VDRs often have an audit trail feature, where all the actions of the parties are tracked and recorded electronically, so everyone knows who logged in, who accessed and downloaded what, and even how long they stayed logged inside the VDR. Easy verification is enabled in a VDR, whereas it is more difficult to keep track of these access info in the case of a PDR.

The feature where buyers and sellers are allowed to directly communicate through the VDR interface also adds to the transparency advantage. This means all their communications and interactions are recorded for future reference.

Comfort and convenience
Who would want to be travelling back and forth to the physical location just to retrieve a specific piece of information? With the VDR, accessing can be done within the comforts of one’s office, without physically leaving the room. For the sellers, the simplicity and ease of setup of a VDR is also to their comfort and advantage.

This isn’t to say, however, that VDRs offer only good things. It also has its disadvantages, particularly to the seller.

Security issues: Security is a double-edged sword when it comes to VDRs. On one hand, they can ensure that all sensitive information is revealed only to those who are qualified or authorized. On the other hand, as technology advanced, so did security threats. There is always a risk of information being leaked or misused when multiple users are allowed access to the VDR. This calls for proper risk management and ensuring that security features of the VDR, as well as the parties allowed access to the VDR, are managed properly.
Difficulty in adapting to modern technology: Let’s face it: not everyone is subscribing to the digital way of doing things. Many businessmen still prefer reading paper documents. They prefer signing contracts on paper. They want to read details in print instead of reading it on a computer or laptop screen.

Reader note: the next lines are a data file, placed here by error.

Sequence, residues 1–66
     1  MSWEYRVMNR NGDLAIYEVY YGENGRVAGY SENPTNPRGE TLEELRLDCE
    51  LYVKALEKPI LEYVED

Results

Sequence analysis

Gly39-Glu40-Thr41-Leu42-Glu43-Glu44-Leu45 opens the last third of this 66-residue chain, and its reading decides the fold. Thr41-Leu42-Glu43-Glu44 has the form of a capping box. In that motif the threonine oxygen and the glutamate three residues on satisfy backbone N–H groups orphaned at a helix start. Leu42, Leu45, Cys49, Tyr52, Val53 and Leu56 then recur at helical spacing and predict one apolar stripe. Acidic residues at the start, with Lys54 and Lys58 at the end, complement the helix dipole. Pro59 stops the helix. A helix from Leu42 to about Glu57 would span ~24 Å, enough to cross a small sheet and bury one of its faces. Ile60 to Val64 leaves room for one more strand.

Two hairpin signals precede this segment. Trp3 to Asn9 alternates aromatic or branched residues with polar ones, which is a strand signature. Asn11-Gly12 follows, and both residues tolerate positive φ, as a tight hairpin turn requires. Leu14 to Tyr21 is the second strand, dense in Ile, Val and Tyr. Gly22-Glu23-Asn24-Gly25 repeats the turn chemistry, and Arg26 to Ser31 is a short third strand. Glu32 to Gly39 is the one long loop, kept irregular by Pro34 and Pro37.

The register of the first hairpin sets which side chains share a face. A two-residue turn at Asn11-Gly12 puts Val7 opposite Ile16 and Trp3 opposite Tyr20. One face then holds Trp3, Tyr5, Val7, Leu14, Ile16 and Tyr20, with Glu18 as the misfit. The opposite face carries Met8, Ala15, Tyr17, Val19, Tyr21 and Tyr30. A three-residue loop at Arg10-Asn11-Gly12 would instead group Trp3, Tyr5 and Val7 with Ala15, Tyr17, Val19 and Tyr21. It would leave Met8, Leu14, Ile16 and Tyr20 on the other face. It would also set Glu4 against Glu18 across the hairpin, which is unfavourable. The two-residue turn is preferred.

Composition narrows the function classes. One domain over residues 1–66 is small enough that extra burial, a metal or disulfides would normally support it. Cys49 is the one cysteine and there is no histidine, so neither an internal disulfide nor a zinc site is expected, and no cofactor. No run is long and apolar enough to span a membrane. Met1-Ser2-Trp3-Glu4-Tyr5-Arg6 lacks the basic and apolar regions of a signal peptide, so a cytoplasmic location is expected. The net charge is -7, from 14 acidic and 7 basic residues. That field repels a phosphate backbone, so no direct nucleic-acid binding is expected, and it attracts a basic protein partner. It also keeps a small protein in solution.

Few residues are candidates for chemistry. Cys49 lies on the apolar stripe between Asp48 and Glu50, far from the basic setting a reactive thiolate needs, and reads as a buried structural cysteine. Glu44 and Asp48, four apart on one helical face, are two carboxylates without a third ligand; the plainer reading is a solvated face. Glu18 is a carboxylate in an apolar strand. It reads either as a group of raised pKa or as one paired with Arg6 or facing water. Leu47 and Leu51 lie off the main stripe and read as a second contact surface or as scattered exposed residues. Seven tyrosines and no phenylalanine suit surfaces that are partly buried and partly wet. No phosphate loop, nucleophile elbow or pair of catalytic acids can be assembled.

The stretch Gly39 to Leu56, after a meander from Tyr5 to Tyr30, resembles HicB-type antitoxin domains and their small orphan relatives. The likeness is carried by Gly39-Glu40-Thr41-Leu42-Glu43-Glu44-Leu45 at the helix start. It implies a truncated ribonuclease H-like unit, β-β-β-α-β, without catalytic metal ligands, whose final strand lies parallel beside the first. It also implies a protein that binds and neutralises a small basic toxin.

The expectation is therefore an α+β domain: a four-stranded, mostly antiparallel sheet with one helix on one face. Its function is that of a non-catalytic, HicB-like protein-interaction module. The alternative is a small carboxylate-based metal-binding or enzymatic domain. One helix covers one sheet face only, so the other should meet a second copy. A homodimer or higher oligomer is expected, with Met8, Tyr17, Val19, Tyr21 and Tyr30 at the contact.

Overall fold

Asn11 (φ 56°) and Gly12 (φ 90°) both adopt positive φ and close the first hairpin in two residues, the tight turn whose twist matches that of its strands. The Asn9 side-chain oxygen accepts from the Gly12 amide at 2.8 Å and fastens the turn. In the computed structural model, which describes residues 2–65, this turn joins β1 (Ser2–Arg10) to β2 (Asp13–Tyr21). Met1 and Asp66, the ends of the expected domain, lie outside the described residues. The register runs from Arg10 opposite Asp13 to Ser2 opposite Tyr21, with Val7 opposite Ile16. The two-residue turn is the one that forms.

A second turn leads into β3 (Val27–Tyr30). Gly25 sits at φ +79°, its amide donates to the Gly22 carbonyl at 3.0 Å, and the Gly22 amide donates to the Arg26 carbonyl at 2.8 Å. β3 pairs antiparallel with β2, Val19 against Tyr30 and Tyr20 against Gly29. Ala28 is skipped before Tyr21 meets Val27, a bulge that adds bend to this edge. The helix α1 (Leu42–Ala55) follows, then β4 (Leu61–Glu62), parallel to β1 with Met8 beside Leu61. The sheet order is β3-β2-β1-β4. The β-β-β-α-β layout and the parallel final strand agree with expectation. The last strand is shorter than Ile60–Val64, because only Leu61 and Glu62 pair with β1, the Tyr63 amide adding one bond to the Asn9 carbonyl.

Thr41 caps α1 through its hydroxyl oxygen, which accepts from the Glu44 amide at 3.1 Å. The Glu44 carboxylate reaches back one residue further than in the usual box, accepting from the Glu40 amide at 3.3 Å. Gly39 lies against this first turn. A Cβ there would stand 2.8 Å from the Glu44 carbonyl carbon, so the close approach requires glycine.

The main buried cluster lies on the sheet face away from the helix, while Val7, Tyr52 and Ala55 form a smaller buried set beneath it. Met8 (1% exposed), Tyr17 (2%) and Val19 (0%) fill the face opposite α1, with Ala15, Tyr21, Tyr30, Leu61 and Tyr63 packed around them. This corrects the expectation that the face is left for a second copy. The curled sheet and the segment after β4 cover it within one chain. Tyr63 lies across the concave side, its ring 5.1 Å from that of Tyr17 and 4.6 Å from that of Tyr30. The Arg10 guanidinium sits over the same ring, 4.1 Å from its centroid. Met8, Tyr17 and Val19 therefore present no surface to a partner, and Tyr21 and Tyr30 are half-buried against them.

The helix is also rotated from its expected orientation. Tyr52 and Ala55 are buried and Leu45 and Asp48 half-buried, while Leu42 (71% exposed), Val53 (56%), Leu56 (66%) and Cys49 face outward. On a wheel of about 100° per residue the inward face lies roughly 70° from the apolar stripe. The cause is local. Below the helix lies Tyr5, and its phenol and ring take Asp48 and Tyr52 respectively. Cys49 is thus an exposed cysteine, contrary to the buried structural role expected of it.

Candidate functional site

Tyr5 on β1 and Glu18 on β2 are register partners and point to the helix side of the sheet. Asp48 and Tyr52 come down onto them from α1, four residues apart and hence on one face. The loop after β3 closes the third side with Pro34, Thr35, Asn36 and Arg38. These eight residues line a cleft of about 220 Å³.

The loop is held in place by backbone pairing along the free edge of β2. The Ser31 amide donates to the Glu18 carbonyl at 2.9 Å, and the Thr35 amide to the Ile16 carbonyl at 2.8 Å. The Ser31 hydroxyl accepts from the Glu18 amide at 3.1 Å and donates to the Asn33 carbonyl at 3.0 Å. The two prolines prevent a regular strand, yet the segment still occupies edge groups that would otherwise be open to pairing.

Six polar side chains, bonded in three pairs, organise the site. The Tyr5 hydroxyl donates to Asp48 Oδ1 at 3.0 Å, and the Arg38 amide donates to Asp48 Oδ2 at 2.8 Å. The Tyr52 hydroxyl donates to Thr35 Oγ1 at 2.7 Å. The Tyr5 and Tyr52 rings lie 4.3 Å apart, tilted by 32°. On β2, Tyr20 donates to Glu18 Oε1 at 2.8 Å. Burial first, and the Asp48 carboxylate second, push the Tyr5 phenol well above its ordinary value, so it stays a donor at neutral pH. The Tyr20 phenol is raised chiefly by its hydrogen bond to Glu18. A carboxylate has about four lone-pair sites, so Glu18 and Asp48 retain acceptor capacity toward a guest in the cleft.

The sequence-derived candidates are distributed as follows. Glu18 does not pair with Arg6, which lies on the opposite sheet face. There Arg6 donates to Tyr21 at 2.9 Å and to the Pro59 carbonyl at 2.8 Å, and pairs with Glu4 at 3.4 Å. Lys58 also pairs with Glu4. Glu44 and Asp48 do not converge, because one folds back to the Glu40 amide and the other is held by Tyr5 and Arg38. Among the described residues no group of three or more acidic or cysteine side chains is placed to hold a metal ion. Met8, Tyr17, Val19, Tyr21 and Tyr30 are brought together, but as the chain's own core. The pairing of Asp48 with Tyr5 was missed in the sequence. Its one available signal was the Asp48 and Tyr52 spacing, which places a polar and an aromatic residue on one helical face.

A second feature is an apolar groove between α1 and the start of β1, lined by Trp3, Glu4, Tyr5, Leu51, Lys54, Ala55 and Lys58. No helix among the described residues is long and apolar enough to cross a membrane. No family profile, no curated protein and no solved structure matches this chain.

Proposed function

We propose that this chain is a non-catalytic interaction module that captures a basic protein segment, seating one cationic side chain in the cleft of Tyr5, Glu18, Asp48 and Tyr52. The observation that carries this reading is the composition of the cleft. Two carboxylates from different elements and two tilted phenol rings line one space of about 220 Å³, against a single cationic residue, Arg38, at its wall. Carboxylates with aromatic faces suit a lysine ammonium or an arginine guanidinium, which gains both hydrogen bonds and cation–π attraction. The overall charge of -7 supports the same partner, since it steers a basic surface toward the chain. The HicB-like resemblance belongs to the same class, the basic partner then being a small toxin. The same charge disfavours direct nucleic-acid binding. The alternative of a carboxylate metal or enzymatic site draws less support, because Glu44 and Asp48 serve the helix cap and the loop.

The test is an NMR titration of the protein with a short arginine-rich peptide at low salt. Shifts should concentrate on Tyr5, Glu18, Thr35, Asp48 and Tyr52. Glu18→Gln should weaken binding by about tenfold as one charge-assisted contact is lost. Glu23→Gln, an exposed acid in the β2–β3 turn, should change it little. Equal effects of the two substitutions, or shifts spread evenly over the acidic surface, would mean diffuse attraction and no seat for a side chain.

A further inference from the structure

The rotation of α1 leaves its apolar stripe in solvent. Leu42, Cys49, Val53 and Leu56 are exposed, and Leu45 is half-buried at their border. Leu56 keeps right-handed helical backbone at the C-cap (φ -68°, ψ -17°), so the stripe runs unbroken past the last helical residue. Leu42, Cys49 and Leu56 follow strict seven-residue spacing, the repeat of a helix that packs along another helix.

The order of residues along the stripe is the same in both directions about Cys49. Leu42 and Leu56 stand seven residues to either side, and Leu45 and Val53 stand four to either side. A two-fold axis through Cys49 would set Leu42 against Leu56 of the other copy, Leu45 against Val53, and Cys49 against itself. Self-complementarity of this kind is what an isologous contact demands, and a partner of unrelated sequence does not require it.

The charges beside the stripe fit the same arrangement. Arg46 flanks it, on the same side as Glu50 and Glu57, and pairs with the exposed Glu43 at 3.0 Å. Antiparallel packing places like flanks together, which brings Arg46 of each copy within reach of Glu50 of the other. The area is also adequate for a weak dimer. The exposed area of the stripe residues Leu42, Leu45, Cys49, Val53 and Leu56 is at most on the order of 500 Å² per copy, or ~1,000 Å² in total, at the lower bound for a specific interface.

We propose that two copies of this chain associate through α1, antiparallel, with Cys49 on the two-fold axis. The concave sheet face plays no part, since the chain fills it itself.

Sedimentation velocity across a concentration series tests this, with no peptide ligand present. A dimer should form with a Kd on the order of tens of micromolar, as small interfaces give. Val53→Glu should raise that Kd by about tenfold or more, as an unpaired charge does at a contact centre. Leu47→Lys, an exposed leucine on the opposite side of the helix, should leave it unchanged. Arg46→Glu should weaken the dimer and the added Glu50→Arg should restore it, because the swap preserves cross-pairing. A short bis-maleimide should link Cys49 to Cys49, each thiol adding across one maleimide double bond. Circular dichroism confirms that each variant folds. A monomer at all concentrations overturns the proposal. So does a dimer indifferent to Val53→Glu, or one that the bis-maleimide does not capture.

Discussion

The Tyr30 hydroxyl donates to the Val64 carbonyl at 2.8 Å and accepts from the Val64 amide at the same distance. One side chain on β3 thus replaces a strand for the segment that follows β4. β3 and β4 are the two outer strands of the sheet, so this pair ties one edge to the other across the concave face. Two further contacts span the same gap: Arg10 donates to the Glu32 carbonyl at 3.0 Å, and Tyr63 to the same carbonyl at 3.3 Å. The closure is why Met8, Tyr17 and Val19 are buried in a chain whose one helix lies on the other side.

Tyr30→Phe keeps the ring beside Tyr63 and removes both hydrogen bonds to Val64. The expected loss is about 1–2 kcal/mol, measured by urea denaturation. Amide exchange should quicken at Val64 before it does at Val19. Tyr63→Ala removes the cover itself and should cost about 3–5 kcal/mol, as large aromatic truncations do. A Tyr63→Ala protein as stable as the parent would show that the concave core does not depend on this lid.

System performance: In some ways, the VDR will still be dependent on hardware. For example, it takes longer to transition from one page to another when accessing pages in a VDR. If the user has a slow system, the speed will also be affected. Therefore, there is a need to ensure that the system is always updated.
Trends in M&A VDRs
VDRs have come a long way from the initial versions, which was primarily used for due diligence processes. There have been many updates, adding more capabilities to VDRs, until they have become these powerhouses that serve as a medium for conducting entire M&A transactions, from beginning to end.

Rising number of VDR vendors
A 2014 market research report showed that, in the US alone, there were more than 240 VDR vendors in the market, resulting in a whopping $880 million revenue industry. Presumably, a large percentage of these companies provide VDRs for M&As, as well as IPOs.

Wide variety of technology-based functions and features
VDRs are becoming increasingly advanced, with many features that are geared towards performing due diligence with higher degrees of efficiency and accuracy. Examples of these features are:

Dynamic Indexing: This is useful when it comes to uploading late documents. It becomes easier to add the late documents to the VDR just by putting them where they are supposed to be in the online index. This is also useful when the users belatedly realize that some documents are out of order and have to be rearranged.

File Format Flexibility: If there is only one file format, then there would be no problem. However, there are now a lot of file formats and a VDR can now accommodate this wide variety of file formats to store, such as Excel, Word, PDF, PPT, JPEG, GIF, TIFF, MPEG, and many others. This certainly saves time, since it does away with the need to convert files using another program just so the VDR will be able to store it.

Q&A Function: This definitely comes in handy when users, particularly the buyers, have something to verify with the sellers about the contents of the VDR. Usually, they would have to contact the sellers separately, via phone or email, to make their inquiry. However, they can course their inquiries directly through the VDR, saving them a lot of time. It is also easier to reference the specific document in question when the interaction is done within the VDR interface.

Restricted Use: Security is one of the best features of VDR, and the restricted use feature is simply one of its components. Through this feature, it is possible for one document to have certain parts restricted while the rest are unrestricted. Contingent restrictions on access and permissions may also be allowed. For example, one user may be allowed to view it, but not to print or copy it. Another example would be a financial expert being able to download only documents that are financial-related, but are off-limits to legal documents, and vice versa.

Search Function: This is, quite possibly, one of the most appreciated added features in VDR. It certainly cuts down a lot of time having to scroll through everything just to find the document or item that you need. Just by keying in specific keywords or key phrases, you can find what you are looking for in seconds.